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As predicted, the use of an informant network by District Attorney Tony Rackauckas’ office in Orange County, California, is continuing to cause upset following revelations that prosecutors have been withholding Brady material related to the informants in numerous high-profile murder cases.

Law enforcement and prosecutors in Orange County have been planting informants in jail cells with defendants who are awaiting trial and then using the testimony of those informants against them, all the while withholding information relating to the criminal histories of those informants and their expectations of leniency in exchange for giving testimony. We first wrote about the scandal, which broke during the evidentiary hearing in Scott Evans Dekraai’s murder case earlier this year, here. Not only would the withholding of such information violate Brady, but it may also fail the state’s obligations under Giglio and Napue to turn over impeachment evidence and to correct false testimony (see Defining Misconduct).

DA Rackauckas had no legs left to stand on last week after it was discovered that the state had suppressed “voluminous records” of Brady material in the case of Isaac John Palacios, who was facing two gang-related murder charges. Judge Patrick Donahue dismissed one of the murder charges and signed off on a plea to the second charge that now has Palacios out on probation. The Voice of Orange County reports:

After deploying two of their long-time informants, prosecutors and law enforcement officers withheld voluminous records from Palacios’ defense attorney, Dekraai’s attorneys said in court records — including purported confessions to both murders.

“The misconduct by the Palacios prosecution team that was identified in the Dekraai hearing undoubtedly was some of the worst violations of a defendant’s constitutional rights that we have seen,” said Scott Sanders, Dekraai’s lead defense attorney.

As the Voice of Orange County points out, three years time served and a 5 year probationary period is an extraordinary outcome for a defendant who was initially facing the death penalty. The collapse of the two murder charges against him and the sanction of prosecutors in the Dekraai case drives home just how serious the allegations against Rackauckas’s office are. In Dekraai, the result of the sanction was that the judge excluded the state’s informant testimony from the penalty phase of the trial altogether.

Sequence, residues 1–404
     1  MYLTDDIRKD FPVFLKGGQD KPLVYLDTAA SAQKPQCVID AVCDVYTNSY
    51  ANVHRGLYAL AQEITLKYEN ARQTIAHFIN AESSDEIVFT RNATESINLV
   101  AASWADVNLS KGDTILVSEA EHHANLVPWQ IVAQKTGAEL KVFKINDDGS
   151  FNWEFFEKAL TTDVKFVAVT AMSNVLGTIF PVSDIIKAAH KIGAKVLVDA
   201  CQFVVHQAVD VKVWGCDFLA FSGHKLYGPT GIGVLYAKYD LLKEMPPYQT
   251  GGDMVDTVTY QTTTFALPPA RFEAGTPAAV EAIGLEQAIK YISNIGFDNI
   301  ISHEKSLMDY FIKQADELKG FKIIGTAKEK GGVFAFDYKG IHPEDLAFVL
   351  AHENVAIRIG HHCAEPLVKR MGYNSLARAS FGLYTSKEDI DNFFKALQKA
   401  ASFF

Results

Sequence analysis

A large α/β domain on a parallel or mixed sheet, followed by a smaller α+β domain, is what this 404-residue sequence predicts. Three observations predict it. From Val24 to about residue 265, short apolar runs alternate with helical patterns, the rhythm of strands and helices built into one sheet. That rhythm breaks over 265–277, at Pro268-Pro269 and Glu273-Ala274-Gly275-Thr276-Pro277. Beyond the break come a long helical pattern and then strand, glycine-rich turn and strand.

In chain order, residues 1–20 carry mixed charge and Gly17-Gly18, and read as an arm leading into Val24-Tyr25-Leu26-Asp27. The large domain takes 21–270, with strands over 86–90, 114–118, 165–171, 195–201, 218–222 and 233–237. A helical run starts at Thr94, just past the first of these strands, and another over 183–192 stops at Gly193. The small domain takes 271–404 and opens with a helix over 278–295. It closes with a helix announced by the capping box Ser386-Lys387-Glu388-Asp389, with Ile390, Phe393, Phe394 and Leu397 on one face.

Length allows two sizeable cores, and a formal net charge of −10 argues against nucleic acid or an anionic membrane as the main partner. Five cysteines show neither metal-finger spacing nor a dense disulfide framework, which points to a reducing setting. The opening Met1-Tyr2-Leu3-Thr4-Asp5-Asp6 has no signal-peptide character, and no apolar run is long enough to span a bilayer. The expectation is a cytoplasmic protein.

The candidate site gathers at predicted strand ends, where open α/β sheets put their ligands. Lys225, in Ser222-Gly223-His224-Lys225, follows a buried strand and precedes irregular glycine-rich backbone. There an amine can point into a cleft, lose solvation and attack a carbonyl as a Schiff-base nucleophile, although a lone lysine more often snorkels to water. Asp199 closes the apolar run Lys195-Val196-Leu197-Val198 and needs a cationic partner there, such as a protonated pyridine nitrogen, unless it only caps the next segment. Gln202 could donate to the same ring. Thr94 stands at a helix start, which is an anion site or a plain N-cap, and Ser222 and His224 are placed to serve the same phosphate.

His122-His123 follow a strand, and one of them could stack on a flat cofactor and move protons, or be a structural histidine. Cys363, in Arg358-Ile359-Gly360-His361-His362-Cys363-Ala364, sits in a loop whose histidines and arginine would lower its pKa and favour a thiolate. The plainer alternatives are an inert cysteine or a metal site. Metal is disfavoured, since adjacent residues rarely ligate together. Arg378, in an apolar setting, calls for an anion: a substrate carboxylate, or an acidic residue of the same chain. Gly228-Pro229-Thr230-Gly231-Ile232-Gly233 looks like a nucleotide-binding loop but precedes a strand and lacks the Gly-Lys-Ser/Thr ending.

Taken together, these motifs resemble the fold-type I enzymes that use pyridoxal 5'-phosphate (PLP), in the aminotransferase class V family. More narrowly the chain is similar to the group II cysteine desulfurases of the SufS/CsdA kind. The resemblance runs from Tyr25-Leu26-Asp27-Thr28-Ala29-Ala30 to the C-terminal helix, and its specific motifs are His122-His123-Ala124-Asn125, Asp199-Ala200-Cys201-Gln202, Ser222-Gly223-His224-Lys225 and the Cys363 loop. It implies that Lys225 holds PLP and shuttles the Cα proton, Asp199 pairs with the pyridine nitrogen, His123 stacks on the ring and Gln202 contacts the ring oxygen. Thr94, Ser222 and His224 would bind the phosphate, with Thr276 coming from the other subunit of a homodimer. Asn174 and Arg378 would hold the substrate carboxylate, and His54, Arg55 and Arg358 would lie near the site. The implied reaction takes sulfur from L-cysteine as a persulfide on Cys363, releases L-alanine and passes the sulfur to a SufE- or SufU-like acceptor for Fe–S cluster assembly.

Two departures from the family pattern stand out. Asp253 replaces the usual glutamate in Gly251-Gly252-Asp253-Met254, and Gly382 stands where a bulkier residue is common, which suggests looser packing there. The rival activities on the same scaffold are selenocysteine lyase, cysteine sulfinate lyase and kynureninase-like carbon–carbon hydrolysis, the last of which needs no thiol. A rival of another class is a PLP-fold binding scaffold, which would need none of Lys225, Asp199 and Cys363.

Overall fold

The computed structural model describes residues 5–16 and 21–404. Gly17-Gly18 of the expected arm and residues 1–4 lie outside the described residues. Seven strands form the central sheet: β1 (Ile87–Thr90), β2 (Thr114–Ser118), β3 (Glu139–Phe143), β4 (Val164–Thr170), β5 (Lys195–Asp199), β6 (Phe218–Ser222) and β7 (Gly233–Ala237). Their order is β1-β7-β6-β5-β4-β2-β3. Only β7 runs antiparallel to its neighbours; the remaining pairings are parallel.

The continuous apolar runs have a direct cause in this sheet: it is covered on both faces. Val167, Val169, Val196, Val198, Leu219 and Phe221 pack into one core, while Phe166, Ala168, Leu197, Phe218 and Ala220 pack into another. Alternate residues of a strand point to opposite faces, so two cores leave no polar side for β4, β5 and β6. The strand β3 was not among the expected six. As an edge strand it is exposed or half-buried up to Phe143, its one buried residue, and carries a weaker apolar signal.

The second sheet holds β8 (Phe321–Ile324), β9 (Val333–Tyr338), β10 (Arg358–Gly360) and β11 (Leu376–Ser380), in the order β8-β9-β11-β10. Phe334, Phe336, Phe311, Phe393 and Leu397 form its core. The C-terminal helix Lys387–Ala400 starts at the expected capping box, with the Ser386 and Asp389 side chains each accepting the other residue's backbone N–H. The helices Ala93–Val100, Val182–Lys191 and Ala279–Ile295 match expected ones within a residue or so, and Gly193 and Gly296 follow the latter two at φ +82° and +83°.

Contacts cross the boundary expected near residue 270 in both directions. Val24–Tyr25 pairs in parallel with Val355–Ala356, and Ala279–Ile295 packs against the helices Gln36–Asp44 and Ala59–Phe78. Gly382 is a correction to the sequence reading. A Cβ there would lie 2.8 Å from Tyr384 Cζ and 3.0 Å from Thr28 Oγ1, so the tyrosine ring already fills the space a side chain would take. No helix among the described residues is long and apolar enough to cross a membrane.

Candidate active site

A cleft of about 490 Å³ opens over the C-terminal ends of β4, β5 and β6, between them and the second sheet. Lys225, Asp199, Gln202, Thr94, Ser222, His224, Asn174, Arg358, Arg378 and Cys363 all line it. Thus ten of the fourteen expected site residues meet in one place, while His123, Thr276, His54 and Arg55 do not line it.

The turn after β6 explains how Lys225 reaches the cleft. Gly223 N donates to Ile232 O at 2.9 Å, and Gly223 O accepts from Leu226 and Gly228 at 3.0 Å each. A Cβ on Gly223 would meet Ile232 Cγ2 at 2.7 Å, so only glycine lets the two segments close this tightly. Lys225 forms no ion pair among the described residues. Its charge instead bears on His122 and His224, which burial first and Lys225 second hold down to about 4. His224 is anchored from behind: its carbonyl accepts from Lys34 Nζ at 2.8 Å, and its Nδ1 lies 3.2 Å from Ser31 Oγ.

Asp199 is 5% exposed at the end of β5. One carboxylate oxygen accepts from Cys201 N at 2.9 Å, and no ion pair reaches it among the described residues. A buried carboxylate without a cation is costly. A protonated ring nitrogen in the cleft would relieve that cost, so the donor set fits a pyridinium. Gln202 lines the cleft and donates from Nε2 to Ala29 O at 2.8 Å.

And yet another case was dismissed for the same reason last week. Joseph Martin Govey had charges against him of attempted murder and solicitation of murder dropped after his attorney demanded that the prosecutor turn over evidence about the informant she intended to use. Govey’s attorney told the Voice of Orange County:

“It is part of a pattern in the District Attorney’s Office, whereby they are being unethical by not complying with the constitutionally mandated evidence discovery requirements,” said Garcia.

“What is very disturbing is that the whole district attorney management teams knows about this. They are behaving unethically. How corrupt can the office be?”

Garcia’s question is a fair one. So far, all that Rackauckas’s office has appeared to do to remedy these violations is judge shop to avoid further scrutiny. Garcia alleges that the DA’s office would rather drop charges in her client’s case than have further cases exposed through the discovery of informant-related information:

There are court records showing the four informants in the Govey case are involved in multiple other prosecutions, where the evidence also should be disclosed to defense attorneys, Garcia noted.

“If the other cases are given this information, it can open a can of worms, they don’t want to open,” said Garcia, referring to the possibility that the dispute over these disclosures could produce new evidentiary hearings like the one in Dekraai.

For a thorough account of the state’s obfuscations in Govey and refusal to produce discovery for more than 400 days, see this post by the OC Weekly. Author Scott Moxley summarizes the prosecution’s insufficient responses to the spate of discovery violations surfacing in Orange County as follows:

Under attack all year by Assistant Public Defender Scott Sanders, who’d revealed extensive government cheating in high-profile gang and murder cases, OCDA prosecutors have spent 2014 offering lame, ridiculous or downright dishonest explanations for not surrendering exculpatory evidence to their courtroom opponents. For example, veteran Deputy DA Erik Petersen insisted he didn’t understand what first-year law students know about discovery obligations. Homicide-unit director Dan Wagner claimed he hadn’t been interested enough to become thoroughly aware of collected evidence in his People v. Scott Dekraai, a pending death-penalty case involving Sanders. Still other prosecutors, too numerous to name, simply provided inaccurate statements that records didn’t exist or had been lost.

Rackauckas does not appear to have offered any public explanation for the withholding of documents in multiple cases, but if he keeps letting murder charges like the above drop, he won’t just have angry defense attorneys and judges to contend with. The victims’ families in the Palacios case were reportedly “stunned and upset” following the decision to plea the case out.

The Palacios, Dekraai, Govey and Vega cases mark four instances where Rackauckas’s prosecutors have failed to disclose evidence and paid for it. Since public defender Scott Sanders, who represents Dekraai, and Renee Garcia, who represents Govey, don’t intend to give up their investigations anytime soon, there’s likely much more to come out on the Orange County DA’s informant network. We’ll keep you posted.

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